Basic Banana Bread Recipe:


2-3 very ripe bananas
1/3 cup melted butter
3/4 cup sugar (you can make this 1 cup if you want it sweeter or 1/2 cup if you like less sweetness)
1 egg beaten
1 teaspoon vanilla extract
1 teaspoon baking soda
pinch of salt
1 1/2 cups of all-purpose flour

Preheat oven to 350 and butter a 4x8 loaf pan.
In a mixing bowl, mash the bananas until smooth. Stir in the melted butter.
Add to the mixing bowl,  soda and salt.  Stir in the sugar, beaten egg and vanilla extract. Add flour,
mixing until incorporated.

Pour the batter into the prepared loaf pan.  Bake for 50 minutes to 1 hour.  Test with a skewer, when it comes out clean, the loaf is done.

Remove from oven and cool completely.  Remove from the pan.  Use a serated knife to cut into slices.

That is the basic recipe from Simply Recipes (http://www.simplyrecipes.com/recipes/banana_bread), but you can add chocolate, nuts, cherries, dates, and a host of other additions to make this banana bread your very own.  I have used this recipe so often, and each time I try a new addition.  I have not been disappointed yet.

It is moist, delicious and nutritious. Banana bread is always a good seller at Bake Sales too!  You can also freeze it, just in case unexpected guests arrive.

Some things that may help you keep Bananas at the ready in your house.....







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Monday, November 24, 2014

Best Bread Recipe for Kitchen Dummies

Thanksgiving and the holidays are quickly approaching. This time of year brings discussions of celebrations complete with good food and good company,  As a result, I found myself getting into the baking spirit.  I began to look for easy bread recipes.  Historically, I have not been able to make bread that contains yeast with any success.  But I have found a recipe, of a bread containing yeast, that I am able to bake with reliable success.  I am thrilled about it and I will share that recipe with you in a just a minute. 

First, I want to begin with why I love homemade bread.  My mom sometimes made breads such as banana nut bread and zucchini bread.  As a child, I could help make those types of delicious breads. I haven't made a loaf of banana bread in decades and have recently asked around for a good recipe. 


Photo by Cynthia Sylvestermouse
Sylvestermouse shared her banana bread recipe with me. I am excited to add this recipe to my baking successes. With the exception of having bananas most of the time, not all of the time, I always have the necessary ingredients in my kitchen. I can almost smell the banana bread baking now.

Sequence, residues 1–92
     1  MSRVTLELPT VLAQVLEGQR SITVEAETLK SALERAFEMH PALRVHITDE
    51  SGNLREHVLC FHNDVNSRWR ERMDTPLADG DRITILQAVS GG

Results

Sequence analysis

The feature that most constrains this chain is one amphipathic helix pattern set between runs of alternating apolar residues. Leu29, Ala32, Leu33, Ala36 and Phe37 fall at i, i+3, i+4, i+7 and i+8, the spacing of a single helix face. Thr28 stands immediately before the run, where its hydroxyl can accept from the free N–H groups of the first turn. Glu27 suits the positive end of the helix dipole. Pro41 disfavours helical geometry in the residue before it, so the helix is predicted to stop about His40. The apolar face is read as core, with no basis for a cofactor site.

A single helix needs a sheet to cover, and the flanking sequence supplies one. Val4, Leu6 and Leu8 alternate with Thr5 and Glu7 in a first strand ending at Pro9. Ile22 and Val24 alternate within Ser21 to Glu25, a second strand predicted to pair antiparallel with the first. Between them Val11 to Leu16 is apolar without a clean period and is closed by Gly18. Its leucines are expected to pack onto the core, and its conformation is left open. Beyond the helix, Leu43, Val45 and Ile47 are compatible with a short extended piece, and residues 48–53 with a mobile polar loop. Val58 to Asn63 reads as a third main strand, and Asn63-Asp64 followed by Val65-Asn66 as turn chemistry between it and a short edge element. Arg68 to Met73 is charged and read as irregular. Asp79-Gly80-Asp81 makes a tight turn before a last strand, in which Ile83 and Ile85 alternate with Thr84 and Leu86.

I also spent part of my childhood raised with Amish folks, farmers, and other women who baked their own breads.  Bread recipes that called for yeast. Since I was not able to get my breads to rise properly, I look for an alternative.  I have been baking wheat Irish soda bread for some time now.  The recipe does not call for yeast, which is why I've been able to bake it successfully.  We love this full-bodied, whole grain, dense bread.  I make long loaves in this amazing bread pan and we partner our soda bread with soups.  I don't end up baking this wheat Irish soda bread often enough and the Mister ends up asking me to bake some more.  

Photo by Dawn Rae
One Thing that has been indispensable when it comes to baking my Irish soda bread has been this amazing bread pan.  I had experimented with baking the soda bread in the traditional round loaf, in a little bread pan, and then finally in this loaf pan.  I love the pan.  And if you bake bread, you may end up loving this pan too. 

Now, I will tell you about this amazing white bread, with yeast, recipe that even I can bake.  Alexandra describes it as the easiest bread you will ever bake. She is not exaggerating.  She gives step-by-step instructions for every bit of the yeast-proofing and bread baking. There are videos and photographs, but even without the videos, she describes the process in a way that made perfect sense to me.  I made her mother's peasant bread in the round bowls a few times before switching to a small square baking dish that worked beautifully too.  I have not yet baked it in my amazing loaf pan, but you can bet I'll try that soon. 

Since I found Alexandra's mother's peasant bread recipe, we have not been without homemade bread in the house.

As I said, Alexandra's tutorial about baking peasant bread comes complete with photographs and videos. So, in case there is any doubt that you should also try baking this bread, I will leave you with this tempting video: 



Written by Dawn Rae
Disclosure: In affiliation with Amazon.com, Dawn Rae is a blogger and content writer who may earn compensation from the sale of  Amazon  products.